Members of the UAE Happiness Initiative
The United Arab Emirates is about to get happier. Using research into the science of happiness and positivity by UC Berkeley Psychology Professor Dacher Keltner, the UAE has partnered with UC Berkeley Executive Education and The Greater Good Science Center to create a more positive workforce and, ultimately, a happier country. Sixty “Chief Happiness and Positivity Officers,” who were appointed by the UAE Prime Minister’s Office, are being trained by a cross-section of Haas and UC Berkeley faculty experts in the areas of business, psychology, leadership, and public policy on topics including mindfulness, creating metrics around happiness and positivity, and leading happy people and organizations. The training and development program, which will be taught in both Dubai and Berkeley, supports a five-year initiative by Prime Minister Mohammed bin Rashid Al Maktoum.
California Management Review has published numerous new cases (cases.haas.berkeley.edu) by Haas faculty, including examinations of Google and Niantic Labs (by Lester Center Founding Exec. Dir. Emeritus Jerome Engel); Levi Strauss & Co. and Patagonia (both co-written by Center for Responsible Business Exec. Dir. Robert Strand); Virgin America (by Exec. Dir. of Emerging Initiatives Adam Berman and Lecturer Frank Schultz); Sanergy (by Visiting Faculty Jennifer Walske and Prof. Laura Tyson); Genentech (co-written by Senior Lecturer Homa Bahrami); and Disruption in Detroit: Ford, Silicon Valley, and Beyond (by Lecturer Ernest Gundling).
Just how successful are Berkeley-Haas alumnae entrepreneurs? According to research firm PitchBook, female startup founders who earned their undergrad degree from Haas were #2 in securing venture capital, tied with the University of Pennsylvania. In all, 104 Haas women founders were backed by VC funding. Stanford took the top spot with 125. Harvard came in fourth with 100. According to the data, since 2010, 430 undergrad alumnae from these four universities have started 418 companies and have raised more than $5.3 billion in total venture capital.
The Berkeley Master of Financial Engineering (MFE) Program is #1—x2. The program came out on top recently in two major rankings of U.S. financial engineering programs: the TFE Times, which is based on mean GRE/GMAT scores, starting salary and bonuses, undergrad GPA, acceptance rate, and employment outcomes, and Quantnet, a financial engineering website. In the Quantnet ranking, Haas tied for #1, up from #2 last year.
North Academic Building
Construction on the new North Academic Building is almost ready to move to the interior. Weather depending, the building is slated to open in late spring. Check out the progress on the live webcam: haas.org/NorthAcademicBuilding.
Profs. David Teece and Ross Levine
Profs. David Teece and Ross Levine each achieved an important milestone, according to Google Scholar: more than 100,000 citations of their published research. The achievement marks the growing influence of their scholarly findings among other academics. Teece’s most cited paper is “Dynamic Capabilities and Strategic Management,” published in Strategic Management Journal in 1997. Levine earned the distinction for a series of co-authored papers showing that financial intermediaries and markets exert a powerful influence on long-run economic growth.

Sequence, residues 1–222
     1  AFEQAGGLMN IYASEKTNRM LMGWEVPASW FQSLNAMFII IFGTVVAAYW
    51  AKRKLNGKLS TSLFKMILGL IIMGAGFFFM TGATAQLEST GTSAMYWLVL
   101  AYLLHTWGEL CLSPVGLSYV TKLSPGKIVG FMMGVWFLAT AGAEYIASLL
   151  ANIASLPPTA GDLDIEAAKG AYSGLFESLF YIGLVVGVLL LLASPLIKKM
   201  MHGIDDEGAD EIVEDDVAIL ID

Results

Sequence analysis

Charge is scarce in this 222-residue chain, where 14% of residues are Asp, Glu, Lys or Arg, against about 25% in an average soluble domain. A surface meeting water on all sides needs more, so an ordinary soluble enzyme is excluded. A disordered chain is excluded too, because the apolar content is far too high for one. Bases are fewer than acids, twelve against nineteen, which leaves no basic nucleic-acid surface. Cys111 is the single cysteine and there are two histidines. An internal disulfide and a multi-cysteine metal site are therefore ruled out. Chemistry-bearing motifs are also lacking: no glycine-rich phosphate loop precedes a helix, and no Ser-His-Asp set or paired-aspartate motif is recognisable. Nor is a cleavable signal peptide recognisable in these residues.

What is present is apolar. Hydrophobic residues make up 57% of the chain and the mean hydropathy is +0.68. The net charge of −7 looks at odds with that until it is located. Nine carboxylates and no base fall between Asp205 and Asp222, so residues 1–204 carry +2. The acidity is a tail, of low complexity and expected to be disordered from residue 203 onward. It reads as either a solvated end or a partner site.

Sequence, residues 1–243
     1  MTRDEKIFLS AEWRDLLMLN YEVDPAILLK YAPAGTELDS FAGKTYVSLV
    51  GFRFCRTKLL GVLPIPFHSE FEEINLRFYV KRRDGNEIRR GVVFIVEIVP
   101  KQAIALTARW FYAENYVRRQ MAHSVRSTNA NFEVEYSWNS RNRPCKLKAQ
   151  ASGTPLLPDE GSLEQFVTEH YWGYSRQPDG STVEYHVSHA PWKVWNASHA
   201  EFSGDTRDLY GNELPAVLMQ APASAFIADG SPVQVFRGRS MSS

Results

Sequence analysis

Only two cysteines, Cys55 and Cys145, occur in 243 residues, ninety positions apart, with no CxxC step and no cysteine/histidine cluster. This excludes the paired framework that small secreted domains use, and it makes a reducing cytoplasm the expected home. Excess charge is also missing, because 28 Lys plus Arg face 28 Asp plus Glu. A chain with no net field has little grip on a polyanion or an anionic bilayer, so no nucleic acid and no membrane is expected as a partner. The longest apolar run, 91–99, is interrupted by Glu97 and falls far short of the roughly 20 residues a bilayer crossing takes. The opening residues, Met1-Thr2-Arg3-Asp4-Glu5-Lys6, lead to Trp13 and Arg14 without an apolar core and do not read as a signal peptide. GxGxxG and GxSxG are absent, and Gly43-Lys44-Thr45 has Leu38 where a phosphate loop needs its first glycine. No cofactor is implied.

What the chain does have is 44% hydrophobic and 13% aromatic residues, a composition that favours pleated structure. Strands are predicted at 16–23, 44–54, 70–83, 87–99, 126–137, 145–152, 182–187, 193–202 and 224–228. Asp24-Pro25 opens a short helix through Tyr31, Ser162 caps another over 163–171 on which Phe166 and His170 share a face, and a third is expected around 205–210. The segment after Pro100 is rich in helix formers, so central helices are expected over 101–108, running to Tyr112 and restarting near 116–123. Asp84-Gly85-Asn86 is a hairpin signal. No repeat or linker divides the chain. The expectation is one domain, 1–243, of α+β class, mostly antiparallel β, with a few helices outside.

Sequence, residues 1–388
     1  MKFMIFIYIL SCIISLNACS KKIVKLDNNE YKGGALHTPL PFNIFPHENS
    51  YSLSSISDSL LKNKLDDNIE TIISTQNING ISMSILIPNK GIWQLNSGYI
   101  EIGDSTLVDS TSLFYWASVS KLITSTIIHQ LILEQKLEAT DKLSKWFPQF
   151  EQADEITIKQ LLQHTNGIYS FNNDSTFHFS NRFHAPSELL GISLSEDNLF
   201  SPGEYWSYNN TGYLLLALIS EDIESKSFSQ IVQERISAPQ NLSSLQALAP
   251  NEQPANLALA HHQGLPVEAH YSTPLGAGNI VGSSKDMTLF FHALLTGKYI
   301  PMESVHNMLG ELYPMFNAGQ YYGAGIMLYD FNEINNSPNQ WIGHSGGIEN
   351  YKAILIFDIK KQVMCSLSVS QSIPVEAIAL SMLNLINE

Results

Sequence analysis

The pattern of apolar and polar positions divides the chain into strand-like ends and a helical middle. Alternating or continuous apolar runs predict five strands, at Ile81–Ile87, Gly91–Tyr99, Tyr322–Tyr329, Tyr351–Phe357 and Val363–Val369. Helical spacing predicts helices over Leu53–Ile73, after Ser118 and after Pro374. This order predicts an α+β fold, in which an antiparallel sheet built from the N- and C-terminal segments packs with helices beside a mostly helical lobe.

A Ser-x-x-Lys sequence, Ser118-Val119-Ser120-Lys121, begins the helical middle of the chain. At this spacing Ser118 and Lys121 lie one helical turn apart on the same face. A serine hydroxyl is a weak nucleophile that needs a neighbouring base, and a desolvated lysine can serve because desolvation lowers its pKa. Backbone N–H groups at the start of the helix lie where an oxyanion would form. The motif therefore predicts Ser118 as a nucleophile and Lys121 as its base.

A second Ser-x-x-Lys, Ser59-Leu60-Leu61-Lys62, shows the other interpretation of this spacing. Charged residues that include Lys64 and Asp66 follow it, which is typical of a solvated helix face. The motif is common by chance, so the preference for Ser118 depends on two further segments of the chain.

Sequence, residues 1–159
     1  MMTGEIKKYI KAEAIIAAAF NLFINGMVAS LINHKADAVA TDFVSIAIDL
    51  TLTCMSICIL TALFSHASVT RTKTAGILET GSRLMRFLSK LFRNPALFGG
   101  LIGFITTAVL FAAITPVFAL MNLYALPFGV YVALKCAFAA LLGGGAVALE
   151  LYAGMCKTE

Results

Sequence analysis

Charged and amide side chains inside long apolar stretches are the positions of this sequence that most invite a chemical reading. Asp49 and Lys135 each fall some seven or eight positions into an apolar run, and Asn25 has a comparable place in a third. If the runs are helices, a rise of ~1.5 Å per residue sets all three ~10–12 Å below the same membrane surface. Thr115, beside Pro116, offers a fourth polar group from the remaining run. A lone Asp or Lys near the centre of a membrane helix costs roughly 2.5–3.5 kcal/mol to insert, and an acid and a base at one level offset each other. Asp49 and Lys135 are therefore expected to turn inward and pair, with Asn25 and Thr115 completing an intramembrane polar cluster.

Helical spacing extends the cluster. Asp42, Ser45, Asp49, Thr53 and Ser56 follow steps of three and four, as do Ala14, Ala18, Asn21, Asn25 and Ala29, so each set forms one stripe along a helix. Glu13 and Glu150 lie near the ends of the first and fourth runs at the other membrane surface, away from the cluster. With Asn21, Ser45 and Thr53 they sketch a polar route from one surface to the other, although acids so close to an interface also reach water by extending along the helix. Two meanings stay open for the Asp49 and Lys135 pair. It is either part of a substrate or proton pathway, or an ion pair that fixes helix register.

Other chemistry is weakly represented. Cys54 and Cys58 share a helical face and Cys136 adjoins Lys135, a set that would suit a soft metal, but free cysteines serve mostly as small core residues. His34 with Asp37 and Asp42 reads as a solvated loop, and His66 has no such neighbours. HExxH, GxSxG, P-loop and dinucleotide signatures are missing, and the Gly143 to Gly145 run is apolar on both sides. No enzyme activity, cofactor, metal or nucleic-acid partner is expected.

Happy 75th birthday to Oski, UC Berkeley’s beloved mascot. The septuagenarian is busier than ever with some 300 events a year and his own Twitter handle, Facebook page, and Lair of the Golden Bear camp. Oski, who began as a Daily Californian cartoon strip in 1941, has appeared at retirement parties, children’s hospitals, and East Coast fundraisers, in addition to sporting events. He’s even walked a bride down the aisle. His name derives from “Oski Wow Wow,” which had long been part of spirit yells at UC Berkeley and other schools. The word oski, or the acronym OSCI (other side caught it), was a football term.
Oski’s birthday was celebrated with pomp and hoopla during homecoming, including a public lecture, “Oski Bear and the Struggles of Being a 75th-Year Sophomore,” and a tribute on the football field before the Cal vs. Utah game.
How will Britain’s departure from the European Union affect the country’s international trade, living standards, financial sector, and political economy? That’s what an expert panel gathered to discuss at a special Dean’s Speaker Series. “Brexit: What Next?” featured Prof. Andrew Rose; moderator Maria Carkovic, exec. dir. of the Institute for Business Innovation; Galina Hale, research advisor at the San Francisco Federal Reserve Bank; and Barry Eichengreen and Gerard Roland, both UC Berkeley professors of economics and political science. Among the insights: Rose didn’t expect a large collapse of living standards in the UK though he did expect trade stagnation since about half of all British exports go to EU countries. “Most of the estimates from academics say the Brexit disruption...is going to lead to around a two percent drop in GDP,” Rose said. “The long-run effect is going to be larger because Brexit will create a more closed economy in the UK.”
Adj. Prof. Nora Silver
Adj. Prof. Nora Silver kept hearing MBA students say that they wanted to create global social change. So she created a class to teach students how to frame effective social movement strategies. “Large-Scale Social Change: Social Movements” examines dozens of historical and contemporary social movements, such as civil rights and Black Lives Matter. For her work, Silver, the faculty director of the Center for Social Sector Leadership, received the Aspen Institute Faculty Pioneer Award, which honors business school faculty who are teaching “business practices that help corporations confront society’s grand challenges.”